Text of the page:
What Bhutan's new tourism policy means to you

Post-pandemic travelers are all seeking a sustainable, responsible, and more meaningful journey. Bhutan has remained focused but with a different approach, a completely new brand, and a different tourism policy, they reopened the country to tourists in September 2022. What do these changes mean for future travelers and at what cost are we ready to protect the last Shangri-La?

Festival inn Bhutan

After 2,5 years of closure, the Himalayan kingdom of Bhutan opened its doors to international tourists on September 23, and with it comes a lot of change. From Happiness is a Place to Believe, the department of tourism has changed its motto and where Bhutan previously banked on its GNH (Gross National Happiness) and everything travellers learned from this, Believe might have just come at the right time.

Tucked away in the Himalaya's between India and China, Bhutan suffers greatly from climate change, and with financial struggles due to the Covid-19 lockdown, the country needed a breath of fresh air and offer hope to the younger generation. With more than 45% of the population being under 24, the country faces serious challenges. The Bhutanese are some of the most positive and resilient people out there and are led by great example, and this new policy might just be what was needed in order to reset and rebuild.

Farmer in Bhutan

Sustainable Development Fee

Some of the changes made, truly benefit the travellers, like a new screening and exams for guides, better road conditions and tourism infrastructure, and higher standard accommodations. However, one change was considered the most notorious one to future travelers. The increment in the Sustainable Development Fee from $65 USD per person per night to a whopping $200 USD per person per night. The Sustainable Development Fee has been around ever since Bhutan opened to foreigners, but with the increase, not everybody might be able to afford to visit the last Shangri-La.

Don't get us wrong, the fee is definitely a hefty one, but the fee isn't one to fund the Bhutanese government if, for one, it's the total opposite. Bhutan has always shown its efforts in protecting its land, and communities, and the SDF has been able to co-finance this. When Covid-19 hit the country and many people's jobs were put on hold, the government financed the workers with a monthly allowance in order to sustain their daily expenses.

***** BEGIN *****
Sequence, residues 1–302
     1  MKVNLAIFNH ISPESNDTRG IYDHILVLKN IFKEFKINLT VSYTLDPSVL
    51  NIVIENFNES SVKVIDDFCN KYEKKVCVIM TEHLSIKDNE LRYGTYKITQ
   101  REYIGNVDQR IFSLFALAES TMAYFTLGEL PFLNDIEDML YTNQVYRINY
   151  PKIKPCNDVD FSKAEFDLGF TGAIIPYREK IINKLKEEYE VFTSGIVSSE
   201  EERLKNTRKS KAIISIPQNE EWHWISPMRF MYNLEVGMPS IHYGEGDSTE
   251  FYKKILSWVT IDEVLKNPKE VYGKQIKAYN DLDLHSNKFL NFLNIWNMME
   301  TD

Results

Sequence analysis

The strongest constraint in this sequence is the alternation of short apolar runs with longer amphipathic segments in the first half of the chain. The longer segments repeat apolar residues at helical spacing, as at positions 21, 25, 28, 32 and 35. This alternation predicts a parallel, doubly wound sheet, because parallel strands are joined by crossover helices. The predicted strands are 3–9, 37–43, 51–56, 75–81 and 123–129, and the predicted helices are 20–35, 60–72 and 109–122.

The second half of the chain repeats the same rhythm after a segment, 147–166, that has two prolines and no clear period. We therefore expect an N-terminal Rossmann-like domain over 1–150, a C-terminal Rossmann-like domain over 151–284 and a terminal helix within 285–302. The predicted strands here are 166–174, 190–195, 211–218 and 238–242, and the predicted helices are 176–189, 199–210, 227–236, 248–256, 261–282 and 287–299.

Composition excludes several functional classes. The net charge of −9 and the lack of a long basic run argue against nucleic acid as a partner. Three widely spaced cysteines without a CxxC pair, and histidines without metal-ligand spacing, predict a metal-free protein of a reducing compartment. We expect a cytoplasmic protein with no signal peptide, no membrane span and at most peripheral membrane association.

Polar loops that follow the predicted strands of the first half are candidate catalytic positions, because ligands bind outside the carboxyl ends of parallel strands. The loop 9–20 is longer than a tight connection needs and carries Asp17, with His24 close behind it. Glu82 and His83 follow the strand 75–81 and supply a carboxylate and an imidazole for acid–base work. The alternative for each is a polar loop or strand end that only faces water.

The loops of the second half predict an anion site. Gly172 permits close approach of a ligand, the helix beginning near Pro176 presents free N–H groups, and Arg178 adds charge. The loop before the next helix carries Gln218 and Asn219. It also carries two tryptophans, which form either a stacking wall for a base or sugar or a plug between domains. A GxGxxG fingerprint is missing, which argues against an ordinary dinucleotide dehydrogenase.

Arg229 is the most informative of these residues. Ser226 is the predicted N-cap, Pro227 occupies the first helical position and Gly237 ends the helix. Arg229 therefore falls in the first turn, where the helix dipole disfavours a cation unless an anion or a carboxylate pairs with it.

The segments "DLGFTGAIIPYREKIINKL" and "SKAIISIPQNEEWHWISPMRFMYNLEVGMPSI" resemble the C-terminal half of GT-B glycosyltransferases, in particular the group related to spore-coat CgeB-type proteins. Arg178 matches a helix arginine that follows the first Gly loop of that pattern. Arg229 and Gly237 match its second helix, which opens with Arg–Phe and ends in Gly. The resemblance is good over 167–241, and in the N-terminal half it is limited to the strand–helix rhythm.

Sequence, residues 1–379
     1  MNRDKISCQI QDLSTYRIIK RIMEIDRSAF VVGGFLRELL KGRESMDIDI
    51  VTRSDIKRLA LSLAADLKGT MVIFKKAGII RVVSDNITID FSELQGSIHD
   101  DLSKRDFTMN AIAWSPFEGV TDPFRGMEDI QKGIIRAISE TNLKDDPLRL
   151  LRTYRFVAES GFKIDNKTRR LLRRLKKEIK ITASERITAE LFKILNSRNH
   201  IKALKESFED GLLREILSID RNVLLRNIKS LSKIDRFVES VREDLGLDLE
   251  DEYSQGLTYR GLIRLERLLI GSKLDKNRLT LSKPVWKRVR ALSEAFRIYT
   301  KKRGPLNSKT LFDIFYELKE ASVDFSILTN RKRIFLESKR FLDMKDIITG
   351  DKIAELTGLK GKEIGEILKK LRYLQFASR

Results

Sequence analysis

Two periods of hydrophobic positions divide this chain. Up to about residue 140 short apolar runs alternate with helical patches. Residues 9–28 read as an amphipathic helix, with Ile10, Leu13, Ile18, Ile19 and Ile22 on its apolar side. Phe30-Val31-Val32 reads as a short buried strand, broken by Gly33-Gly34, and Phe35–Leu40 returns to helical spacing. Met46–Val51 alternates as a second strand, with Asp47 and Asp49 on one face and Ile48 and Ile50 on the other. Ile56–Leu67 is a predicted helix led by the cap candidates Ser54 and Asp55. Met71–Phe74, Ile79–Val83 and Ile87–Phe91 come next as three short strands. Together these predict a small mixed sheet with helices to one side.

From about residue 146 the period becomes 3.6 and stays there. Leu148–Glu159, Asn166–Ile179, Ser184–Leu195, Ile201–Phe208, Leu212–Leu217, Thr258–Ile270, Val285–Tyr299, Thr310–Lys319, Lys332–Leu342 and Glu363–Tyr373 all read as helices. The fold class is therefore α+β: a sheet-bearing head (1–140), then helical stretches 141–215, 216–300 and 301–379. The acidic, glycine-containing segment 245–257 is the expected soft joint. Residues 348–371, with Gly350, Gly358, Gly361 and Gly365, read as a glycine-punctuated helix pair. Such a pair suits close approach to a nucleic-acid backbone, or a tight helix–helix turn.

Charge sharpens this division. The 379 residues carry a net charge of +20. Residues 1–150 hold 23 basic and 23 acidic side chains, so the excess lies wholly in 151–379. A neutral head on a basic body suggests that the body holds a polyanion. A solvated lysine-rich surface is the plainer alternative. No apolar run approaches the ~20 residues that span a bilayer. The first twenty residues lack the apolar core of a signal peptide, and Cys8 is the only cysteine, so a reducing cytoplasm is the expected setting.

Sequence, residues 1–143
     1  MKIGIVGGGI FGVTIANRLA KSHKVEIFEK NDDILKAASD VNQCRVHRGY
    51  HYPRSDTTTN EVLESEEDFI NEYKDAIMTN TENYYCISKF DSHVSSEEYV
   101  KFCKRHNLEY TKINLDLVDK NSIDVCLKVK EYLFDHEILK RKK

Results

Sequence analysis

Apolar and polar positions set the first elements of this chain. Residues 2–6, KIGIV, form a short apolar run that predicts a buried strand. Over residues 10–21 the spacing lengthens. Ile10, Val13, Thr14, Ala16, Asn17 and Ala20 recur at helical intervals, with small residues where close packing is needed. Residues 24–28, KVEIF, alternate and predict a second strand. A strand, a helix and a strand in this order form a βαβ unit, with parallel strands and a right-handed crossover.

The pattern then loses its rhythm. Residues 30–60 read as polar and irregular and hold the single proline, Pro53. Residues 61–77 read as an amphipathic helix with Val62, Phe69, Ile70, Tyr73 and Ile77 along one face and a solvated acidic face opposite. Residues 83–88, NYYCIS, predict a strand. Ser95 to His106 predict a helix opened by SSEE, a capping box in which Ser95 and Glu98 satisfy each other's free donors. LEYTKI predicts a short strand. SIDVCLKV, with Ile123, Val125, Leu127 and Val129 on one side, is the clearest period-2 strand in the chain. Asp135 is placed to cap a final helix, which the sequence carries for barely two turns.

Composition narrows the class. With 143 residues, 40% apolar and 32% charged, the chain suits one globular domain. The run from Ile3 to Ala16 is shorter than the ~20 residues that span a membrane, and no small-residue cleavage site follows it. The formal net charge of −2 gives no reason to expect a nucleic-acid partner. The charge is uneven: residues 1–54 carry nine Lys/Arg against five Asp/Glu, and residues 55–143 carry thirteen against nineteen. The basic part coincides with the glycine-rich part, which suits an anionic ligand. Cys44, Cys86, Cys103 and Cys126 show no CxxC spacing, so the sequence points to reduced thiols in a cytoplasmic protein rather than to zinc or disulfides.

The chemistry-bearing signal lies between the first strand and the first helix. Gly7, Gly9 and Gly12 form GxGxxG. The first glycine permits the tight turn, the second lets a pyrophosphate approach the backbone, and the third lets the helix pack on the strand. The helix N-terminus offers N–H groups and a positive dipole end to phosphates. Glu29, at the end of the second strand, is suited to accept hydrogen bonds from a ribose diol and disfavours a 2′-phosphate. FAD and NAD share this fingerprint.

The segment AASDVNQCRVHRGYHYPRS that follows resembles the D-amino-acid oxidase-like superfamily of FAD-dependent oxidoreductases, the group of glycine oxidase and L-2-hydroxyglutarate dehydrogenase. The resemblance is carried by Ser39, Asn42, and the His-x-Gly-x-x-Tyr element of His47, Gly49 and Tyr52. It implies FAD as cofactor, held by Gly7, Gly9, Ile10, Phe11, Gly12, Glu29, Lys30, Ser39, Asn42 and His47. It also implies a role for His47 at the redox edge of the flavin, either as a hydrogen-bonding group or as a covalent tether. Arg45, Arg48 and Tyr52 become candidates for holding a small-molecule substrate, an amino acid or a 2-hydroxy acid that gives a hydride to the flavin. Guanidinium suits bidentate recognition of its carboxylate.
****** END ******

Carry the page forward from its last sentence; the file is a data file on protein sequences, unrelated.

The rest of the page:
Bhutan has made one of the world’s most far-reaching climate promises to forever remain carbon neutral and its forests help keep the world’s climate change at bay by absorbing carbon dioxide. With a mandatory 60% of forest cover, the country is currently under 71% forest cover. In order to seek attention for climate change, Bhutan also organized an ultra-marathon, the snowman race, challenging the world’s fittest and most elite runners to help raise awareness of the impacts of climate change. The Department of tourism has also reopened the Trans Bhutan Trail, a trail that stretches from east Bhutan, Haa Valley, all the way to the west ending in Trashigang. The total duration of the trail is a good 28 days, covering 403km or 250 miles. This makes Bhutan the perfect destination for adventure seekers and hikers out there.

Apart from protecting its land, the country has done a great job in taking care of its citizens. The Bhutanese benefit from free healthcare, both western and traditional, and free education of a very high standard, where even the royal family studies at the same schools as the ordinary Bhutanese.

Bhutan adventure travel

Carbon-negative Bhutan’s tourism mantra has long been “high value, low impact,” and its goal is simple: to maximize the financial benefits of tourism while minimizing its environmental and cultural impact. The last Shangri-La should absolutely be worth protecting and preserving for many years to come, no matter the cost.